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Contamination at park staying put, city says

According to city staff the contamination in the field adjacent to the Glen Stewart Park clubhouse in not spreading. However, the unexpected appearance of more landfill waste on the site has halted plans to construct a new baseball diamond on the location.

By Joel Wittnebel/The Oshawa Express

Following recent reports that an increased amount of landfill waste had halted the redevelopment of Glen Stewart Park, the city says that the contamination isn’t spreading.

The plans to rehabilitate Glen Stewart Park have been in the works for some time and included a new baseball diamond, efforts to upgrade the park’s playground and splash pad equipment along with rehabilitating the crumbling parking lot and stabilizing the eroding bank of the nearby Goodman Creek. However, a recently released report from the city explains that the baseball diamond plans are no more, due to newly discovered landfill waste on the site.

According to a city report, inspections were first completed on the site in 1977 by a consultant at that time and then again in 2000 by Golder and Associates, both of which cited landfill waste in the southeast corner of the site. A further report done by Golder in 2009, which included three boreholes to nine feet below grade at the north, west and south limits of the site, found landfill waste to the north.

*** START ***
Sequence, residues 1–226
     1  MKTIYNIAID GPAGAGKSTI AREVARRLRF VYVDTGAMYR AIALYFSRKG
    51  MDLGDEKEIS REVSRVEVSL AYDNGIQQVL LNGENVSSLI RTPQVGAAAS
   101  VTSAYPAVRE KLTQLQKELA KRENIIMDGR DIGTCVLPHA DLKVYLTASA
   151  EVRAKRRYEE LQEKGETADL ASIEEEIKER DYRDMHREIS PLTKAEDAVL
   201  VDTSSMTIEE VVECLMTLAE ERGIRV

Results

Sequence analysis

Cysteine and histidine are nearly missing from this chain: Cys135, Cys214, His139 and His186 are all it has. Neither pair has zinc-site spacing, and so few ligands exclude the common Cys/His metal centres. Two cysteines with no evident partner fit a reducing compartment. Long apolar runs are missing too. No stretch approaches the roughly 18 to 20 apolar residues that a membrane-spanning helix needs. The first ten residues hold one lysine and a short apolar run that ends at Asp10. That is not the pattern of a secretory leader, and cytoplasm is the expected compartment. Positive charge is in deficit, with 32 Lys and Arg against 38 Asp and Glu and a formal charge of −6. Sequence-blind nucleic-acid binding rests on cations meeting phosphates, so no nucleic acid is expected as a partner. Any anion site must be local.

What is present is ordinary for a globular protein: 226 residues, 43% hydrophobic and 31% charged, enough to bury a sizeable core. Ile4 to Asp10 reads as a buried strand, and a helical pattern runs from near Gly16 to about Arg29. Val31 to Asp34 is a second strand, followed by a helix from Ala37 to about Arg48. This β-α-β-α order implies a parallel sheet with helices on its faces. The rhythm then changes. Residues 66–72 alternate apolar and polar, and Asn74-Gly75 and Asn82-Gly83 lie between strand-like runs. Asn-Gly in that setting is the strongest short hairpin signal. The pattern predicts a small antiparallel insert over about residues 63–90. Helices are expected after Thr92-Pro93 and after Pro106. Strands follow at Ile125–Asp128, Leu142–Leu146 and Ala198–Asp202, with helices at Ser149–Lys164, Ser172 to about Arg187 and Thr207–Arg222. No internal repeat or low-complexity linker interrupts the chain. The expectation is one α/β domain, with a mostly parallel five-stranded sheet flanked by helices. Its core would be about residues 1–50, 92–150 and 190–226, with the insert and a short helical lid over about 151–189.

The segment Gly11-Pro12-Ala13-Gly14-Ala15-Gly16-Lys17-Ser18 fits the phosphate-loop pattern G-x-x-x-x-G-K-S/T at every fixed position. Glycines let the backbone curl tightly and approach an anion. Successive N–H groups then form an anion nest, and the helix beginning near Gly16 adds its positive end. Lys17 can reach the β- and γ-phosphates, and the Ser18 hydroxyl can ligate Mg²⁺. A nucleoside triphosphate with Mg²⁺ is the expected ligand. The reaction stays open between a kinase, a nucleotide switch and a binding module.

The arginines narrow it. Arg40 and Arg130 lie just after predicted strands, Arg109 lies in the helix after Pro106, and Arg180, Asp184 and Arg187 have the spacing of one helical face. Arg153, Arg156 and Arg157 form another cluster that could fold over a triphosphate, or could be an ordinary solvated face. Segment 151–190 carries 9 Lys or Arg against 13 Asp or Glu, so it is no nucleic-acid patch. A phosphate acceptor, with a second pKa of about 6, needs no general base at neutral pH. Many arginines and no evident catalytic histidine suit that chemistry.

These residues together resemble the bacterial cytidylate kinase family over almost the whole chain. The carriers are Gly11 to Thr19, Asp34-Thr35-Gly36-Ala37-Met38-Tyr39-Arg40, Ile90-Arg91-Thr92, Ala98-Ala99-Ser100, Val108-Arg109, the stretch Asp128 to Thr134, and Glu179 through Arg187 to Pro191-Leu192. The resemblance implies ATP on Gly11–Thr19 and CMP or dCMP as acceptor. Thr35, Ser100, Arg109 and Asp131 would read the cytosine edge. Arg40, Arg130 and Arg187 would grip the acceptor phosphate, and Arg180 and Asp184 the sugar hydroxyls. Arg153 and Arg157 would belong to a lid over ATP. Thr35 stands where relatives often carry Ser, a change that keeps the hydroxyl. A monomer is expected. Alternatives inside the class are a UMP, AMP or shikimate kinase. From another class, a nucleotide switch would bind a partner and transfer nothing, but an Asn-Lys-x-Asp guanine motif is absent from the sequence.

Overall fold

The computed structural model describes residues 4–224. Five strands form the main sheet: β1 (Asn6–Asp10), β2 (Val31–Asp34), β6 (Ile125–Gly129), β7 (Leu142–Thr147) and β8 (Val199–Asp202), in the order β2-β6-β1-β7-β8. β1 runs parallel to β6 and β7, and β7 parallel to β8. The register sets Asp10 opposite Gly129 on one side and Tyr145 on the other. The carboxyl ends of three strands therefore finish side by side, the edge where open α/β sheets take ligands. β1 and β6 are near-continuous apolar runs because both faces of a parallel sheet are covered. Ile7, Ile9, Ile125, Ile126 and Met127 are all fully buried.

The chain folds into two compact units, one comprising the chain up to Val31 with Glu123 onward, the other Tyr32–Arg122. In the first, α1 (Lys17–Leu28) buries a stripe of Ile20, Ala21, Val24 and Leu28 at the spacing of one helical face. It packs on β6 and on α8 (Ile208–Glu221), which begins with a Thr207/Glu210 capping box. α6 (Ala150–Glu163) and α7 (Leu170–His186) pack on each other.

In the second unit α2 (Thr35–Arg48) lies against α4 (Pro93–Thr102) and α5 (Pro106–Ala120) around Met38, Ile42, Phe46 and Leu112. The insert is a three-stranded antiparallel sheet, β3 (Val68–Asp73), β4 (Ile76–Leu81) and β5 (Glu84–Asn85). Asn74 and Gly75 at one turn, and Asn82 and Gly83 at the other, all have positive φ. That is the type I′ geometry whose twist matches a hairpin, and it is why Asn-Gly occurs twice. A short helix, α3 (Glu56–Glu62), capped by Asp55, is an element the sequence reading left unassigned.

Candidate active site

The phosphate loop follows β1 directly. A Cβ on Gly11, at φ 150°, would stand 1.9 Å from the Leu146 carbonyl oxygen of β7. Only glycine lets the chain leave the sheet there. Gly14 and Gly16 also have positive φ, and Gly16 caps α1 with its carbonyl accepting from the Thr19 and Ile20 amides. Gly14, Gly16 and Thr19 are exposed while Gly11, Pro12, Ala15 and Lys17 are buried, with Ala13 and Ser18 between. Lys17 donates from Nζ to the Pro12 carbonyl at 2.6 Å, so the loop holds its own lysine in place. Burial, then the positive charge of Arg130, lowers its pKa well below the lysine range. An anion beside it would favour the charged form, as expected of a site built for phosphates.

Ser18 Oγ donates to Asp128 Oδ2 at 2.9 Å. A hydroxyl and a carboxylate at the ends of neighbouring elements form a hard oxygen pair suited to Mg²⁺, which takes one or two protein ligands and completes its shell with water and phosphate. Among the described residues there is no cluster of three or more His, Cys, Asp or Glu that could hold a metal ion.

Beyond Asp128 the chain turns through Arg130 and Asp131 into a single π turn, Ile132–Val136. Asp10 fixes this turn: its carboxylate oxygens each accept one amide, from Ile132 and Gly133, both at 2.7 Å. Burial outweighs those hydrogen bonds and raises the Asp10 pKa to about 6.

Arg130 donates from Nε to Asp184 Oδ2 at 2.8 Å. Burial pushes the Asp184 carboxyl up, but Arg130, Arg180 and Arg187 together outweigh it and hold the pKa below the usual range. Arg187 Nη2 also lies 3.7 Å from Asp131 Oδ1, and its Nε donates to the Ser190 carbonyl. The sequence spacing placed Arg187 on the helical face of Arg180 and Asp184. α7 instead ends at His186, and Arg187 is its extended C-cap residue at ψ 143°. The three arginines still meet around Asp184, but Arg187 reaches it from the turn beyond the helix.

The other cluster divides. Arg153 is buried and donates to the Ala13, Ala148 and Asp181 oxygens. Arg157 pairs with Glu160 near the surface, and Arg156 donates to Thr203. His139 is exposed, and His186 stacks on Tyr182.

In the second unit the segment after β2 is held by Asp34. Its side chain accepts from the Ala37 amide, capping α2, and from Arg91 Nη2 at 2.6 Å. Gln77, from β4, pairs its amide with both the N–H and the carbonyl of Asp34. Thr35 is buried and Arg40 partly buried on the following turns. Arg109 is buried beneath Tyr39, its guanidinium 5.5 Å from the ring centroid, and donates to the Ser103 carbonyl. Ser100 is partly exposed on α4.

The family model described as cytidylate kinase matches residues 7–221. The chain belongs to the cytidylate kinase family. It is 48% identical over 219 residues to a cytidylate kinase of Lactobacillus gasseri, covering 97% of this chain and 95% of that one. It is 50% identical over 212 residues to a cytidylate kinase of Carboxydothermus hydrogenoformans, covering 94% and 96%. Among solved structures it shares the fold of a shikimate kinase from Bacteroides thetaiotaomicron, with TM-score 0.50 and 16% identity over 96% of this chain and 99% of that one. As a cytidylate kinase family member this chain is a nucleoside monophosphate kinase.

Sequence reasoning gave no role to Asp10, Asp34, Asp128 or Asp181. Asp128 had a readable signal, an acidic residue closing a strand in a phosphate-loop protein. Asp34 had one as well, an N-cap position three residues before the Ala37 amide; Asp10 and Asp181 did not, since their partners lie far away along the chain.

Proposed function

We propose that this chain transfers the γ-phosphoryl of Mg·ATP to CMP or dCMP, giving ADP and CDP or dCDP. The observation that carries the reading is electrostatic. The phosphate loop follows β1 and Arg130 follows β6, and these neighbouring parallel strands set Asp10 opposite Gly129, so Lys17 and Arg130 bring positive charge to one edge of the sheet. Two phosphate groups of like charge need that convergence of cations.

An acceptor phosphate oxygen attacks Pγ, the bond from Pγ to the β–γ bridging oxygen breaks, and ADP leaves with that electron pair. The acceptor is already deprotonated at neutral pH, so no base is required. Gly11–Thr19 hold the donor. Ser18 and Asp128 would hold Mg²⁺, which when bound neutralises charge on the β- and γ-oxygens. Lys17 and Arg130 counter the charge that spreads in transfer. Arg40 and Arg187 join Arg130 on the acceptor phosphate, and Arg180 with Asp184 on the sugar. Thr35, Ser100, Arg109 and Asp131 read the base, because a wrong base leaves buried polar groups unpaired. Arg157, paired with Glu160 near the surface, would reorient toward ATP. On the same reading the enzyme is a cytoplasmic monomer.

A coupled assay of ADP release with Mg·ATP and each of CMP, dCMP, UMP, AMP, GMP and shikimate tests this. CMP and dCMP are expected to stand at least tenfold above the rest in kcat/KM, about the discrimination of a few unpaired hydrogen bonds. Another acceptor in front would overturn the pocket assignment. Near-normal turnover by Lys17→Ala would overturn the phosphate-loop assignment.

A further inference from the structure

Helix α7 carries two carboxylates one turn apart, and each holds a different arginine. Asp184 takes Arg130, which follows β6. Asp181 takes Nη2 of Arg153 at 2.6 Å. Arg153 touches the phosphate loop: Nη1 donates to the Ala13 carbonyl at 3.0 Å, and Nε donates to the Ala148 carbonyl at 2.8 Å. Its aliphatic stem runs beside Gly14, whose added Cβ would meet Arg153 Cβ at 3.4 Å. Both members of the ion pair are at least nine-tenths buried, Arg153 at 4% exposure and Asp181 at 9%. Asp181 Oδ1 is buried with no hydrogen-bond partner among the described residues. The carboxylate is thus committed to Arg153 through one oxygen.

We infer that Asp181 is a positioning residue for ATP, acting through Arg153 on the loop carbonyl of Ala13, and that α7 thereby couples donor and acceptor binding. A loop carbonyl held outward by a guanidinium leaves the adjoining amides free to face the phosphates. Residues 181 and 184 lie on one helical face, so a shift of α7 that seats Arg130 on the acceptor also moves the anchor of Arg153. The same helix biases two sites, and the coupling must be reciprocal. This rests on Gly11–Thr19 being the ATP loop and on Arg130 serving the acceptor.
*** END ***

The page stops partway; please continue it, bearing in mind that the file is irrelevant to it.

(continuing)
However, when city staff began the more extensive design phase of the project and dug their own test holes on the site, further landfill waste was discovered, which changed plans for the park and halted plans for a new baseball diamond.

“The discovery of a more extensive landfill waste area within the existing park space and the subsequent recommendation provided by our consultant, GHD, to not disturb or excavate into the waste has changed the scope of the project and timing for project completion,” the city report reads.

Glen Stewart Park is located on Cabot Street and bound by Cartier Avenue to the north, Cabot Street to the west, Durham Street to the east and existing residential lands to the south.

According to Mark Robinson, the city’s director of facilities management, the additional landfill waste from what was cited in the initial consultant reports, does not indicate that the contamination is spreading.

“Contamination on the land is not spreading. The two (initial) reports support each other and the city was expecting to find landfill in the southeast corner of the park. Based on this, we prepared the park redevelopment concepts used for public consultation,” he states in an emailed response. “Our subsequent investigation, during the design phase, found landfill material which impacted the design of the parking lot and ball diamond.”

Now, the city is planning to host a second round of public consultations in order to reassess what residents think should be done with the park. The options may be as limited as little digging and excavating can be done on the site, but it’s proposed the location could be used for an “unstructured play field” or an off-leash dog park.

A budget of $1,500 has been set aside for the second round of consultations. It’s the same amount spent on the first go-around.